Buying a property off-the-plan is a great way to enter the apartment market, but for many it can be a daunting and emotional change, especially if they have lived in a large family home for many years.
One of the techniques property developers are using to ease this transition is the option of extra customisation. This can consist of anything from upgrading floor materials, customised lighting and even knocking down walls to alter the floor plan of an apartment, given enough forewarning.
“Customisation options help reduce any uncertainty from first-time apartment buyers that might be nervous about making the change from home-style living,” OpenCorp Director Allister Lewison said.
“Depending on timing, new spaces can be created, including walk-in wardrobes and, in some circumstances, combining multiple apartments.”
Off-the-plan apartments are proving to be a popular choice for downsizers as prime locations, new facilities and appliances, high-level security, shared amenities and minimal maintenance allow for a comfortable and relaxed lifestyle.
This style of living also provides for a safe and secure lock-up-and-leave lifestyle, meaning trips to visit family or go on holidays are a walk in the park.
First-time buyers are being drawn to off-the-plan apartments because of it being slightly easier to buy an apartment in a desirable area than a house.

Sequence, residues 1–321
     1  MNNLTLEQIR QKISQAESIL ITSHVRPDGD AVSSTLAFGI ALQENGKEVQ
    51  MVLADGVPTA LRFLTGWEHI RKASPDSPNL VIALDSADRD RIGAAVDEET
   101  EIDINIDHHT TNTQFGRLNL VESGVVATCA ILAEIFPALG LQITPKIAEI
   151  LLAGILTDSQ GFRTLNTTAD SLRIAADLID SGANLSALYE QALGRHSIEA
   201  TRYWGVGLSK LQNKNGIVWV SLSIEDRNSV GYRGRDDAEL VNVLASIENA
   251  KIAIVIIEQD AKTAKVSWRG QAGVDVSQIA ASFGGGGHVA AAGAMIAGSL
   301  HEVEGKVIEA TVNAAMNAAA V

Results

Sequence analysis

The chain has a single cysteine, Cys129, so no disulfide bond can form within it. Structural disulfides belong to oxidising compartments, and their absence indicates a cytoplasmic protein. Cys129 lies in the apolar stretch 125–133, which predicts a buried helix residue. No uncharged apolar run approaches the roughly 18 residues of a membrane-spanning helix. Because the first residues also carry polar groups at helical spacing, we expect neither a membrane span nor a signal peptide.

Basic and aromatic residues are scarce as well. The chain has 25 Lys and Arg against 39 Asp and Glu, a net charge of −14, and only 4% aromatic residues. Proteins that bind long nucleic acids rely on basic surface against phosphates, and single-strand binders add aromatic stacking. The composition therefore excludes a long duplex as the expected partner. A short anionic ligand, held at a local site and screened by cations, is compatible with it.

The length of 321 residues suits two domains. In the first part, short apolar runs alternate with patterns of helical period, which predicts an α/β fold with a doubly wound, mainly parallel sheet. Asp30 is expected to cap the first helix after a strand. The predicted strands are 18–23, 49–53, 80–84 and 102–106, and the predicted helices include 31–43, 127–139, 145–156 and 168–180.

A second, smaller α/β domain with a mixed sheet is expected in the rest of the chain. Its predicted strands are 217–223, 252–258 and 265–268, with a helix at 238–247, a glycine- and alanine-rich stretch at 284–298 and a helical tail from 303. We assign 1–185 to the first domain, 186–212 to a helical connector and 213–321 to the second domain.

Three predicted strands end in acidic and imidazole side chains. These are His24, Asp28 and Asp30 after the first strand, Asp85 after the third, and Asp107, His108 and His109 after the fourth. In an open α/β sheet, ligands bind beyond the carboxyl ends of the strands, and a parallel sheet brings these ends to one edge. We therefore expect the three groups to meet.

One of the upcoming developments including extra customisation among its features is Quayhouse, the latest project from OpenCorp, which is set to adorn the Port Coogee landscape later this year. Quayhouse consists of 38 apartments and has been designed with relaxed liveability in mind.
“The apartments have been designed solely with an owner-occupier in mind, and the added benefit of extra customisation supports those buyers,” Mr Lewison said.
“A unique facet of Quayhouse is its luxurious rooftop, which features a swimming pool, alfresco cooking facilities and a private outdoor cinema.”
Among the options available, Mr Lewison highlighted the customisation of the kitchen area, including different cabinetry and bench styles, as well as the inclusion of a study area, as being most popular among clients at Quayhouse.
“In some of our other developments the most popular customisation requests have included converting rooms, merging apartments and updating finishes; for example, changing a balcony to bi-folding doors,” he said.
Naturally, when people think about customisation a higher price tag is expected, although this is not always the case.
“Customisation costs are highly dependent on the changes requested,” Mr Lewison said.
“Customisation that requires restructure of the building will incur an additional cost, but simple selections such as interior finishes won’t affect pricing.”
Quayhouse is available to be viewed from 10.30am-12pm Saturdays and Sundays, or by private appointment.
This article was found in The West Australian, Tuesday 30th of May 2017, and written by Chris Thurmott.
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